On Friday, December 18, Dr. Emily Van Houweling and I travelled to the Lilongwe International Airport, Malawi, to board our return flight to the U.S. after an extremely productive visit to Mzuzu University. We had spent a week meeting with faculty and university administrators to develop the logistics and content for a joint WASH course in Malawi, which we are offering to students at Virginia Tech, the University of Denver, and Mzuzu University in July 2016. On our drive to the airport we learned some tragic news. The Mzuzu University Library – which contained some 45,000 books and other resources – was completely lost to a fire during the early morning. The library had also housed several critical computer servers, taking the university’s web page and other key services offline.
I took the picture of the library below on Thursday, December 17, around 12 hours before the fire. The picture was taken during a final walk of the campus before we began the five hour drive from Mzuzu to Lilongwe.
The importance of the Mzuzu University Library and its computer servers to the functioning and future development of the university cannot be overstated. The library is the primary source of information for students, from small children, who regularly visit the children’s library (see the image on the right), to graduates. In addition, during our meetings over the past week we learned how the university was planning to roll out a 15 mbps internet network, which represents a threefold increase in the current speed of the network. I suspect the fire will significantly delay this initiative, which will impact Mzuzu University’s plans to launch an expanded online learning strategy.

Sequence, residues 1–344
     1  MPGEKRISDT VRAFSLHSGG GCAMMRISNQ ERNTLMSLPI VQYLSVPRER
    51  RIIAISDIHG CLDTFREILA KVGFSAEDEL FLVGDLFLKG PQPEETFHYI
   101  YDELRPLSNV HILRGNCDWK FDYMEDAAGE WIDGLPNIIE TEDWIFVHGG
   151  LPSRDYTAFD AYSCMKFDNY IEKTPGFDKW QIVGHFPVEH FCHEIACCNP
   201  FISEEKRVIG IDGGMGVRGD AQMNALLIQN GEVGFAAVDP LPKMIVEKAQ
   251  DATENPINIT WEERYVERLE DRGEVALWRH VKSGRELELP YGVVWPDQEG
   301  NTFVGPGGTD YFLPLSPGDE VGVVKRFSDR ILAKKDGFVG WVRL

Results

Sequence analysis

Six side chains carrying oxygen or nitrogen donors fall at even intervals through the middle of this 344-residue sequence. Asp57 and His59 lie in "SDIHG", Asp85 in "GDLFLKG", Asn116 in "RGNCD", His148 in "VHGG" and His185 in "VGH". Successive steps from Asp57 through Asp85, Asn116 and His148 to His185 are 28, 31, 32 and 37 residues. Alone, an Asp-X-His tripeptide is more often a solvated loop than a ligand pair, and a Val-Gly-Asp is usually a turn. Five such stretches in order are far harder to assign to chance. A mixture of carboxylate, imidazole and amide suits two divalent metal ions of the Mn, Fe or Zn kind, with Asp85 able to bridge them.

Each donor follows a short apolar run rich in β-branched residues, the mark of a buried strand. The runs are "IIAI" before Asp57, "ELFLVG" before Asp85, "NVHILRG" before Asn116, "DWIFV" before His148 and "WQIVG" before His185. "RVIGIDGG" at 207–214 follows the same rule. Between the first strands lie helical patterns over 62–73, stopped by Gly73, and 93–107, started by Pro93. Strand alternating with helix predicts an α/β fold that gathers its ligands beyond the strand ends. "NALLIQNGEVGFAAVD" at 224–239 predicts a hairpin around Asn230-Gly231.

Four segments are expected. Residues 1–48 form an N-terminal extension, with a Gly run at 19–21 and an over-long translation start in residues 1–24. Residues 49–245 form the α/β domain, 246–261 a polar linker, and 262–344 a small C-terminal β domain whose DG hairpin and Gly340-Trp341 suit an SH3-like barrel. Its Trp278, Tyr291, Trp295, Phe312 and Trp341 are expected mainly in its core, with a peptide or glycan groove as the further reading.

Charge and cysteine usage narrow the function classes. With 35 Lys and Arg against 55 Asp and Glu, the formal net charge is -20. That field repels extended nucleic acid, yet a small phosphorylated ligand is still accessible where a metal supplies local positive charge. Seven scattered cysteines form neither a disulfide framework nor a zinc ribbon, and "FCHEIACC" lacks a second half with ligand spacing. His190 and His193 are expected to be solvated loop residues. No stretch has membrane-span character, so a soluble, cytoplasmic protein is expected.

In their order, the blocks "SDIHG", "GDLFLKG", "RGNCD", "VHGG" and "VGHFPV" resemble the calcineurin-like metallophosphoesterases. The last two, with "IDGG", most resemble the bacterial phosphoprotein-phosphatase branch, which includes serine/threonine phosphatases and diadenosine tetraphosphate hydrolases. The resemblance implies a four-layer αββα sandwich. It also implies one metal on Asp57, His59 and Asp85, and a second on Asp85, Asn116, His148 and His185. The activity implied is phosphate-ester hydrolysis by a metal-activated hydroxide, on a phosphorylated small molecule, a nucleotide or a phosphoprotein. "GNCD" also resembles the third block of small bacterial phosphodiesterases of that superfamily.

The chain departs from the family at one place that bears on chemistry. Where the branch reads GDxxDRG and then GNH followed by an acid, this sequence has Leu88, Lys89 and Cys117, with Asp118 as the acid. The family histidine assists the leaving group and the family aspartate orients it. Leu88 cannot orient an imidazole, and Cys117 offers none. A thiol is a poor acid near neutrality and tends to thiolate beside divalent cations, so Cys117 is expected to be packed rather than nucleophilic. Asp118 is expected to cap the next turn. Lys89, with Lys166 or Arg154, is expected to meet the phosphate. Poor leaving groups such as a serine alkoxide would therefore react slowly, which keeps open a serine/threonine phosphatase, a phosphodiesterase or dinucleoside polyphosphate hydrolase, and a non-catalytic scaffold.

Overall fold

In the spirit of advancing a Global Land-Grant Institution and Ut Prosim, I challenge Virginia Tech’s students, faculty, and staff to consider creative ways in which we can support Mzuzu University’s effort to rebuild its library, servers, and research capacity. Please share your ideas via Twitter using the hashtag #HokiesHelpMzuni.
Emily and I plan to return to Mzuzu in July, 2016 for the joint WASH course. Over the coming months we will work with Dr. Rochelle Holm, the Director of the Mzuzu University Centre of Excellence in Water and Sanitation, to identify strategies to help rebuild WASH-related resources in the library. Similar strategies will be needed in all of the university’s core areas of competency, which include mathematics, chemistry, biological sciences, physics, history, languages and literature, geography and earth sciences, religious studies, forestry, fisheries, education/distance learning, energy and renewable technologies, water resources management and development, sanitation, health sciences, nursing and midwifery, optometry, ICT, tourism and hospitality, and land management and surveying.
In addition to sharing ideas via Twitter, I’d be happy to talk with anyone who would like to discuss their ideas in person. The TEAM Malawi group of faculty and students on campus will also develop a coordinated response. For those students planning to take the joint WASH course, this turn of events will impact how we prepare for our time in Malawi. The experience of working with international partners to achieve a real and important objective will present many opportunities for learning and service.